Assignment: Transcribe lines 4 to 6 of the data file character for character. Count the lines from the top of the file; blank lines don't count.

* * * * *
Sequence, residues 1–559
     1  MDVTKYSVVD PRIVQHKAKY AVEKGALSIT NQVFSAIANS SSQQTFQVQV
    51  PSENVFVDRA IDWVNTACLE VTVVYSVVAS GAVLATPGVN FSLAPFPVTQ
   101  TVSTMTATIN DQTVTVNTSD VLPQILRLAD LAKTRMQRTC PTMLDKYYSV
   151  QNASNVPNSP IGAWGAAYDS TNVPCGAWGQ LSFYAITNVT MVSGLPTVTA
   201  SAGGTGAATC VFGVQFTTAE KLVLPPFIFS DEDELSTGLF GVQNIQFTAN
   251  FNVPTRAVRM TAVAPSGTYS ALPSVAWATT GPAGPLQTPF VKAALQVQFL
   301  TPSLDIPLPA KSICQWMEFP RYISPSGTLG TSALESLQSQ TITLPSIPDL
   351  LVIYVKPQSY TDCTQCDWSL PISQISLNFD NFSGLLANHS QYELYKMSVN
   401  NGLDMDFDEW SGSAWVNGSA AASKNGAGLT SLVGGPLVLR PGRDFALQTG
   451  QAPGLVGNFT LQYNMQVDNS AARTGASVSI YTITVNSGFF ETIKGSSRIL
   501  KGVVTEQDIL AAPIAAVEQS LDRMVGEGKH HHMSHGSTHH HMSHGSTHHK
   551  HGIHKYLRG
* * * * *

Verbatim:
   101  TVSTMTATIN DQTVTVNTSD VLPQILRLAD LAKTRMQRTC PTMLDKYYSV
   151  QNASNVPNSP IGAWGAAYDS TNVPCGAWGQ LSFYAITNVT MVSGLPTVTA
   201  SAGGTGAATC VFGVQFTTAE KLVLPPFIFS DEDELSTGLF GVQNIQFTAN